A new hypothesis has been brought forth to help shed light on the origin of life on Earth. Dr. Helene Hasma of UC Santa Barbara proposed on Tuesday that life's first biomolecules may have developed and evolved between sheets of mica. Though we do not yet know if these biomolecules were RNA or protein, the spaces between the layers of mica would have provided an environment exceptionally conducive to both biochemical reactions and subsequent evolutionary steps.
Hansma, a biophysicist, was collecting samples in a mica mine when she noticed organic material growing on the mica, and so an idea was born. There is a remarkable poetry in this hypothesis. Individual layers of mica are perfectly flat and thin, and would have acted as cell membranes for the first biomolecules, providing support, protection, and the isolation necessary for Darwinian selection and differentiation. RNAs and some proteins and lipids are negatively charged, just like mica. The distance between RNA phosphate groups is the same as the spacing between negative charges of mica. Mica is held together with potassium, which is found at the same concentration in our cells. The heating and cooling expansion of the mica layers, as well as the movement of the ocean would have provided a mechanical energy for the breaking and forming of bonds in the earliest biochemical reactions.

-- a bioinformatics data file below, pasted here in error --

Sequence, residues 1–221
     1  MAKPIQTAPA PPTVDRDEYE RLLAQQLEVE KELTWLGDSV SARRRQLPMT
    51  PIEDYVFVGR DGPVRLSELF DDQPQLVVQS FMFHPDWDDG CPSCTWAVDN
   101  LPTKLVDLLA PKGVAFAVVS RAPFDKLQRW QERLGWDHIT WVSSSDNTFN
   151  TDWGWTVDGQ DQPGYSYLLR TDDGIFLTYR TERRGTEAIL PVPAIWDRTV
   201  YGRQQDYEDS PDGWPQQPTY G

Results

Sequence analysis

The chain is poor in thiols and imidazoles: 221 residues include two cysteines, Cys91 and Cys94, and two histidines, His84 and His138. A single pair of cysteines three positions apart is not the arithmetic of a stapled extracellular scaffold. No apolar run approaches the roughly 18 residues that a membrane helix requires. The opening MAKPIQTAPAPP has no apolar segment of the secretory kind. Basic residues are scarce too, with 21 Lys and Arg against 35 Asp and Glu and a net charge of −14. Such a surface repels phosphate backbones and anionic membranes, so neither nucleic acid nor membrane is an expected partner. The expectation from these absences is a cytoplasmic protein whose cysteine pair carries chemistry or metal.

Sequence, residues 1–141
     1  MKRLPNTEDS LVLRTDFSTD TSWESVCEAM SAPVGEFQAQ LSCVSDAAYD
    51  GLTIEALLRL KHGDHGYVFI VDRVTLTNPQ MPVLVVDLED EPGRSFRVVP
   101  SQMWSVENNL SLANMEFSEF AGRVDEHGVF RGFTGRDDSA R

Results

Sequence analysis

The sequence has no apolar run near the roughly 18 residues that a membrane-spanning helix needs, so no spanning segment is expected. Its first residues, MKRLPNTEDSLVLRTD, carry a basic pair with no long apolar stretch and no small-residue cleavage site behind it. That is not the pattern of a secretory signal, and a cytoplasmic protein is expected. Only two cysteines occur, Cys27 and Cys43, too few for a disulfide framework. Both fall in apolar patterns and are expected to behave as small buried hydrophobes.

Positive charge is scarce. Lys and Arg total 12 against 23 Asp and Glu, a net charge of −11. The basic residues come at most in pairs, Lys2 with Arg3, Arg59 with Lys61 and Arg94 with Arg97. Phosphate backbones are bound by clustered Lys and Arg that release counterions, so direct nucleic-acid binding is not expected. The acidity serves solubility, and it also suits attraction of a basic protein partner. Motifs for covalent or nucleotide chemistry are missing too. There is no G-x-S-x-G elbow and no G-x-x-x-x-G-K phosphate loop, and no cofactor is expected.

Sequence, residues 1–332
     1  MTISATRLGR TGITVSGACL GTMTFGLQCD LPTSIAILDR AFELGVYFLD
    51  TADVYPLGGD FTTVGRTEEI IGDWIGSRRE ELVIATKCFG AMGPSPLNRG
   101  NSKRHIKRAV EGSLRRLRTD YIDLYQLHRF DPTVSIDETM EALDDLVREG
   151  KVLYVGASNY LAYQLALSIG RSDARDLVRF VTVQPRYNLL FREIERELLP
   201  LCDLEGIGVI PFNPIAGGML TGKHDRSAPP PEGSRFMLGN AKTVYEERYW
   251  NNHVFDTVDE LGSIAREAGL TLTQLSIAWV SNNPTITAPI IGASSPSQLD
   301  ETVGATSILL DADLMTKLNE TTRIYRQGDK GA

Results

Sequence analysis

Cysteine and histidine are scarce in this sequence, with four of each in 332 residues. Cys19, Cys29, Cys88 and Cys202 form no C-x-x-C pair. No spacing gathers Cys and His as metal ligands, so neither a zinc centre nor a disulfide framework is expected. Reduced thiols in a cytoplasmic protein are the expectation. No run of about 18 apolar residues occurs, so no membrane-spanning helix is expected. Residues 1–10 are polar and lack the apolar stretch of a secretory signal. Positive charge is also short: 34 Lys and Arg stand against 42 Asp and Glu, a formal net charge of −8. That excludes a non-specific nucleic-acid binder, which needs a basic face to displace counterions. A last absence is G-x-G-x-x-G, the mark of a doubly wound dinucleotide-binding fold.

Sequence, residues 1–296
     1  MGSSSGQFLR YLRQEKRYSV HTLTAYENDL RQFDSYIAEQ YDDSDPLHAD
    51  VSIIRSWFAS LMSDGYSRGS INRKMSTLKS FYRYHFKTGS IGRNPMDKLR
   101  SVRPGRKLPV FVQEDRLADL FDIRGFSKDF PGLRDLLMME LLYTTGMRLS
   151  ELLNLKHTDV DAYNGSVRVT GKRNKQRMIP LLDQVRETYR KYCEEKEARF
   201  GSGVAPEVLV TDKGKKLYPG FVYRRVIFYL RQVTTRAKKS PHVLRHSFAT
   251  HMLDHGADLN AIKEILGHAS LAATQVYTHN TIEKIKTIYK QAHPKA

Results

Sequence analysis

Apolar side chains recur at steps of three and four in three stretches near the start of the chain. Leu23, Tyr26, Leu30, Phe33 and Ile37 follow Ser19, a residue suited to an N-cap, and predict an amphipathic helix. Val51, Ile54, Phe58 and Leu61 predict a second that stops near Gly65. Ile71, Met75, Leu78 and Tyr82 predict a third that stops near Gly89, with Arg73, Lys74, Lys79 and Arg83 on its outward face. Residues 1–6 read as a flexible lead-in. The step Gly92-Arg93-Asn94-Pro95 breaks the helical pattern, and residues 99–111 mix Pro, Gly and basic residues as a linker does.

Granted all of this is just conjecture at this point. But this one struck me as a particularly harmonious hypothesis. I just love science!